The First Nationwide Age ID Checker for Online Porn Passed Its First Test 

Internet freedom advocates are warning about the upcoming British law.

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The age of easily surmountable barriers to online pornography may be drawing to a close: An age verification system for porn watchers held its largest test last week, ahead of the planned implementation of mandatory checks in the United Kingdom. Its creators have declared the test a success, despite long standing arguments from campaigners that the measures will be ineffective and potentially harmful.

The test was a collaboration between AgeChecked, a service that verifies a user’s age, and British television network Channel 4, who tapped the service check the ages of visitors to a porn website that was set up as part of a documentary. The three-part series Mums Make Porn followed the story of five mothers looking to make a more ethical form of porn. The resultant film, I Want Fourplay was created in collaboration with Erika Lust, an award-winning adult filmmaker. After the third part aired on Wednesday, the XXX-companion video went live on a website for curious viewers to watch.

AgeChecked claims the documentary had over 850,000 viewers, but declined to say how many people actually used its service to access the short adult film. Still, its creators are declaring the trial a success.

“The results of this first mainstream test of our software were hugely encouraging,” Alastair Graham, CEO of AgeChecked, said in a statement.

Not everyone was convinced:

The verification system is part of the British government’s plan to implement mandatory age checks on all websites that publish adult content. The Digital Economy Act 2017 was expected to come into force in April 2018, but has failed to materialize. The British Board of Film Classification, which will manage this system as well as continuing to classify movies, released more detailed guidelines about the implementation in October 2018. Despite these moves, the check system missed its reported deadline of April 1, 2019.

“There have been a number of negative stories lately about the so-called ‘porn ban’ in the U.K.,” Rudd Apsey, a spokesman for the Age Verification Providers Association, said in a statement. “This test demonstrates that the age verification measures required under the Digital Economy Act can be successfully applied to adult websites without issue — verification of adults can be quick and anonymous.”

However, campaigners warn that the block would be essentially useless as teenagers would find a way to circumvent the security measures. Jim Killock, executive director of the Open Rights Group, dismissed the policy to The Verge as “completely full of holes,” adding that “if teenagers in particular have any incentive to get around these controls, they will.”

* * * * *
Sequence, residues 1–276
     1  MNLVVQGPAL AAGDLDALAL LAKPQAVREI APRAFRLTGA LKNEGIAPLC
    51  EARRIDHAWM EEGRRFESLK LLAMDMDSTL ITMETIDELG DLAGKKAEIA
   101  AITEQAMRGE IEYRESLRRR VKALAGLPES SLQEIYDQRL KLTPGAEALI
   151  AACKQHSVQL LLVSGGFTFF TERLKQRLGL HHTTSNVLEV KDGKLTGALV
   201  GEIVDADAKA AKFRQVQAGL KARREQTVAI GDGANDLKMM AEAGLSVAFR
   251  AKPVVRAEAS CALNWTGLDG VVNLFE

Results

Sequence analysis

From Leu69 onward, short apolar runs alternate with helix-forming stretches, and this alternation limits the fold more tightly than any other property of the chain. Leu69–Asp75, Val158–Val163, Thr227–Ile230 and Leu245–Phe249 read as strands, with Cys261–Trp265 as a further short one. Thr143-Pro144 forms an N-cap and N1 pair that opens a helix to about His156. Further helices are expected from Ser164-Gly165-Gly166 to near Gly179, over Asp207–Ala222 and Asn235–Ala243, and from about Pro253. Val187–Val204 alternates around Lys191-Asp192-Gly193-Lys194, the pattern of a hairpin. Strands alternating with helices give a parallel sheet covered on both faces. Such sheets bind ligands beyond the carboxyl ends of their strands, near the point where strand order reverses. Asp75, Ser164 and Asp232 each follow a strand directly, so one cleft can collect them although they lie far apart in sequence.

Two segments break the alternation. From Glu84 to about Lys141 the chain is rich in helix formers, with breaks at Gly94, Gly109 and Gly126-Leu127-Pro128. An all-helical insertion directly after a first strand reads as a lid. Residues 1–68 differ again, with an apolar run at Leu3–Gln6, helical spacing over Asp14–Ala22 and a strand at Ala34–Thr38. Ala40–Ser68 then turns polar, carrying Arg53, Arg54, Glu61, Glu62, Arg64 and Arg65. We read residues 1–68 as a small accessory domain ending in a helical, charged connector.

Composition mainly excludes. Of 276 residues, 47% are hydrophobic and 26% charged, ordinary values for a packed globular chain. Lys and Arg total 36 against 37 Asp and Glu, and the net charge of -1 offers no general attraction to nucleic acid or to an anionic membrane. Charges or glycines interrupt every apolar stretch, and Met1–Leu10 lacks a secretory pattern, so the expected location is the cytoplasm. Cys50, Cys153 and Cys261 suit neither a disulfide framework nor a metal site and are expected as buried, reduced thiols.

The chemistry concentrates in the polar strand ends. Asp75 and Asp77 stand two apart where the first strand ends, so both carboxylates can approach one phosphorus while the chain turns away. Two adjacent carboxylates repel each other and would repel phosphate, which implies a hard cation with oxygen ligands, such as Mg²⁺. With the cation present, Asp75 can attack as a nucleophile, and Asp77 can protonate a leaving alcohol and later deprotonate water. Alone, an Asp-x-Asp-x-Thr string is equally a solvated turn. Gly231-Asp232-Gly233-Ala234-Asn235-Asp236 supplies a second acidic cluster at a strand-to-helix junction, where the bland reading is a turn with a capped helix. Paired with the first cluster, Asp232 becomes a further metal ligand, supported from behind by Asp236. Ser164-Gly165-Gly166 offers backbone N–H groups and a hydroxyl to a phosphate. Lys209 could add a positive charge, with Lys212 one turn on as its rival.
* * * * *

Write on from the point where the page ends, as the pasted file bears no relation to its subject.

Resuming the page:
This attitude is shared by the British public. In a YouGov poll last month, just 34 percent thought the system would actually prevent under 18s from accessing porn. Even among supporters of the policy, only 46 percent thought it would be effective.

Campaigners also warn that a giant database of verified porn viewers could pose a major security risk, drawing comparisons to 2015 Ashley Madison hack only much, much worse. Sexual liberties campaigner Pandora Blake has warned that this information could go as far as tracking a user’s preferences, similar to how Facebook and other sites track their logged-in users.

MindGeek, the owner of PornHub and other sites which is building its own AgeID system, told Inverse in May 2017 that its system would only check if a user was verified and not track their browsing habits.

“AgeID cannot see, let alone store any data used during the age verification process,” a spokesperson told Inverse. “AgeID’s only concern is whether a visitor is age verified.”

AgeID, which claims there’s a potential market of up to 25 million Brits — half of all adults — for its service, plans to ask users to upload a passport or driver’s license to a third party checker. Users can also visit a local store to purchase a £4.99 ($6.57) “porn pass” for each device.

In the case of AgeChecked, the service accepted a credit card, driver’s license or phone number for age checking, the latter of which was by far the most popular. Users then received a username and password, while the only information the website received was a “pass” or “fail” from the age service.

“Customers are willing to participate in the process when they know that they are being verified by a secure provider, with whom their identity is fully protected,” Graham said.

It’s unclear when the checks will come in, whether it will be effective, and whether it will lead to a potential mass breach of online privacy. The team supporting this week’s test, though, are claiming a success.

“It is worth remembering that the goal of this legislation is to protect young kids from stumbling across adult content,” Apsey said. “The U.K. is leading the world in the introduction of online child protection measures.”

Another area that’s still unclear is whether the checks will prove popular — March’s YouGov poll found 76 percent of Brits had never even heard of it.